I am not sure whether such distortion can be mitigated by the model, hence I don't know whether I am looking for a bug or I am fighting against a limitation of the camera model.

At this point, I have three questions:

1. Is the distortion I am perceiving due to the perspective?
2. If it is, is it to be expected (can not be prevented via such a simple model)?
3. Which model could account for it and correct it?

All help is appreciated.

• Perspective matrices do distort near the edges depending on the FOV, I suggest trying different values for the vertical FOV to see the different distortion amounts. Commented Aug 25 at 12:32
• @pmw1234 Thank you for the suggestion, I am giving it a shot. I just checked the presence of the vanishing point of my lines and there is exactly one so the distortion is really due to the FOV. Commented Aug 25 at 19:23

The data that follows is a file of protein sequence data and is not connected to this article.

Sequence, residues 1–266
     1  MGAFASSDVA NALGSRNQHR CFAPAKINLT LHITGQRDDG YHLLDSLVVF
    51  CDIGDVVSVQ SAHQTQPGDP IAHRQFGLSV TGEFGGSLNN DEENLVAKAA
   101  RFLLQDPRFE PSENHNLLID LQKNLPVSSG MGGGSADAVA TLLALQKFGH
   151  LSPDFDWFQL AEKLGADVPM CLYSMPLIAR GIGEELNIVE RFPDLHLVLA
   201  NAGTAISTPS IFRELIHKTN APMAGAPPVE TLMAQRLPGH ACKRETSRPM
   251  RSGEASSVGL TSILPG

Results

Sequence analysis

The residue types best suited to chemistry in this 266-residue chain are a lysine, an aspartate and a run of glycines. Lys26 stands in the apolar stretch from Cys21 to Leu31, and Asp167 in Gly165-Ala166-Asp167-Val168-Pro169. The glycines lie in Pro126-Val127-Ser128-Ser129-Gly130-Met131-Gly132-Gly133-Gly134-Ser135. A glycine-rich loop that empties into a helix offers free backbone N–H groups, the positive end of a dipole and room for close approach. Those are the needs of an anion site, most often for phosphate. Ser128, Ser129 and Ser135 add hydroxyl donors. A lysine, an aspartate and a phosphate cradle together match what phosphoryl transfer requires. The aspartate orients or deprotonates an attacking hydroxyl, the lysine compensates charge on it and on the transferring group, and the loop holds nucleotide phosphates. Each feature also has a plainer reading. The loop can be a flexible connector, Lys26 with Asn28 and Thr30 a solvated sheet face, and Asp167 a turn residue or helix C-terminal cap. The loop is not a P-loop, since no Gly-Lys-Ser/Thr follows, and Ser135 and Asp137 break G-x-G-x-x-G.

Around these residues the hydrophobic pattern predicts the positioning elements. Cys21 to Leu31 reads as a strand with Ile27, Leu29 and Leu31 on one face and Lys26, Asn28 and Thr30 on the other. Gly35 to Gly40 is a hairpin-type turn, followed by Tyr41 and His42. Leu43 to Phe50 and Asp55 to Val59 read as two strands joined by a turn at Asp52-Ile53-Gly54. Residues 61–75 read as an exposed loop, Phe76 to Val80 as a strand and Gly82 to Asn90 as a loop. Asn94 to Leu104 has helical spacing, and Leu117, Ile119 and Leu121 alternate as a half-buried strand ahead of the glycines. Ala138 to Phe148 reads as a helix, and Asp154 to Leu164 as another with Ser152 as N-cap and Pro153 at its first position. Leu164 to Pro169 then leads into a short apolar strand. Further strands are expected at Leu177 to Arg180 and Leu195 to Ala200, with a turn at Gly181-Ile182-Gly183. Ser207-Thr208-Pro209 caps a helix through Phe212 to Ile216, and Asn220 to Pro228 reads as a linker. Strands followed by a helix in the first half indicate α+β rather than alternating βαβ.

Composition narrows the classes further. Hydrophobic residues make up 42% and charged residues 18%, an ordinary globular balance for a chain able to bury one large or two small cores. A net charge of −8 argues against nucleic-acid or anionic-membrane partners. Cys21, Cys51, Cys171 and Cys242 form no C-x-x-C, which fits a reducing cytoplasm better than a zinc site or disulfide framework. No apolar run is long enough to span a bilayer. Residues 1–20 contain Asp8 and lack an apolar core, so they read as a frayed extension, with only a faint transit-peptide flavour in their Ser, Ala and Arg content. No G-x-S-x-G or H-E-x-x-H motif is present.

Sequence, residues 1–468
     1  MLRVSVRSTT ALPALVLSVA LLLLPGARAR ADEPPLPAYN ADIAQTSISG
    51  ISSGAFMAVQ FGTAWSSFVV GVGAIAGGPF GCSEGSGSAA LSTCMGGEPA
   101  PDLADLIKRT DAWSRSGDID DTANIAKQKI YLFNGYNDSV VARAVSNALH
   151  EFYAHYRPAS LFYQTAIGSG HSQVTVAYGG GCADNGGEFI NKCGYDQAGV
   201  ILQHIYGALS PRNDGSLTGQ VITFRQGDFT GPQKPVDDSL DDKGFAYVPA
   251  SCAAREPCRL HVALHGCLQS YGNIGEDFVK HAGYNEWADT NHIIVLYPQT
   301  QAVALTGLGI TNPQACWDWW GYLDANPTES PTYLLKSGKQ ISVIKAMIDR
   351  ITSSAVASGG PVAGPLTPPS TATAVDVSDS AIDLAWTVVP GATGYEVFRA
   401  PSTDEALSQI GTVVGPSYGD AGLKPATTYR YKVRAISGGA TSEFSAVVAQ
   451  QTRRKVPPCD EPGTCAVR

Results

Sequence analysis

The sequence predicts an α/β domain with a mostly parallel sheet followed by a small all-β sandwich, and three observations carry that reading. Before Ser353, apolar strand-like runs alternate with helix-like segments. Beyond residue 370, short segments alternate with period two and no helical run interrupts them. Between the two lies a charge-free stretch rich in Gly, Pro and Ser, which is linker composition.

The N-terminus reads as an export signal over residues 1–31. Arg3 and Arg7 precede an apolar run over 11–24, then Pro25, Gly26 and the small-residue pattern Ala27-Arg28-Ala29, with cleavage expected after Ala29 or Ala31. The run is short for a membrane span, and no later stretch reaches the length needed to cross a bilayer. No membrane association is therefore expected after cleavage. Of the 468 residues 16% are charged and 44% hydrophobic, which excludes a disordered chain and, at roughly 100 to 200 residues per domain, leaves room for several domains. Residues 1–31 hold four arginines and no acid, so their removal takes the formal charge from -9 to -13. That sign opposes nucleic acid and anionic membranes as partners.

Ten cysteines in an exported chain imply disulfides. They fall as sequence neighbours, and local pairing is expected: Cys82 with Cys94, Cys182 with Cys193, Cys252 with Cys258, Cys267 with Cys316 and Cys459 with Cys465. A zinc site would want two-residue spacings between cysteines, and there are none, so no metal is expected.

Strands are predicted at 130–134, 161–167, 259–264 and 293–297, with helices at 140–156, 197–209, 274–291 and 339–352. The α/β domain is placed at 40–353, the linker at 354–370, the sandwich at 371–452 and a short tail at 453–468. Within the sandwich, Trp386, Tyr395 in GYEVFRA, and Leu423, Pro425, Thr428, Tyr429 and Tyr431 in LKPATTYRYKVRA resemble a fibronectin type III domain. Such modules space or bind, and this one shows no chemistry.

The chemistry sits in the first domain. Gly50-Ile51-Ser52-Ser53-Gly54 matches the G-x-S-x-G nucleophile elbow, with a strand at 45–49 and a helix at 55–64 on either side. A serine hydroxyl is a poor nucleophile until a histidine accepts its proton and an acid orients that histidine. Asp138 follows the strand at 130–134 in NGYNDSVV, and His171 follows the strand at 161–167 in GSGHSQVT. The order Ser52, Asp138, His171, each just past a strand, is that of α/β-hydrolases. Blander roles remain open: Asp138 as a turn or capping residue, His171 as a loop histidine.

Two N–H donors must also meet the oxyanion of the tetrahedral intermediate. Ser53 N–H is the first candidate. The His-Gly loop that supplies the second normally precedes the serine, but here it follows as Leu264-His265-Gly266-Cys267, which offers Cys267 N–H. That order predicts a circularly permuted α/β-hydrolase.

It's possible that your quaternion code and/or your use of the lookAt() method might have mistakes. However, the image that you included looks fine to me, and your perspective projection matrix checks out: When applied to a vector $$(x,y,z,1)^T$$ and followed by the perspective divide (which happens on the GPU automatically) it maps the view frustum onto the cube $$[-1,1]^3$$ in normalised device coordinates (NDCs). Moreover, the $$z$$ coordinate is mapped to an affine function of $$1/z$$, which means that by $$z$$-buffering, the GPU will solve the occlusion problem automatically, per fragment, by interpolating $$1/z$$ between the vertices of each triangle. There are settings in OpenGL and/or extensions to OpenGL, which choose between competing conventions for the bounds of that NDC cube (I think the difference is in whether $$z$$ is between $$-1$$ and $$1$$ or between $$0$$ and $$1$$, and I think that DirectX and OpenGL tend to differ on this, with the DirectX choice being arguably the more sensible one for some reason (floating-point precision and $$z$$-fighting ?) but I don't remember), so you might want to check that your own settings assume the $$[-1, 1]^3$$ convention.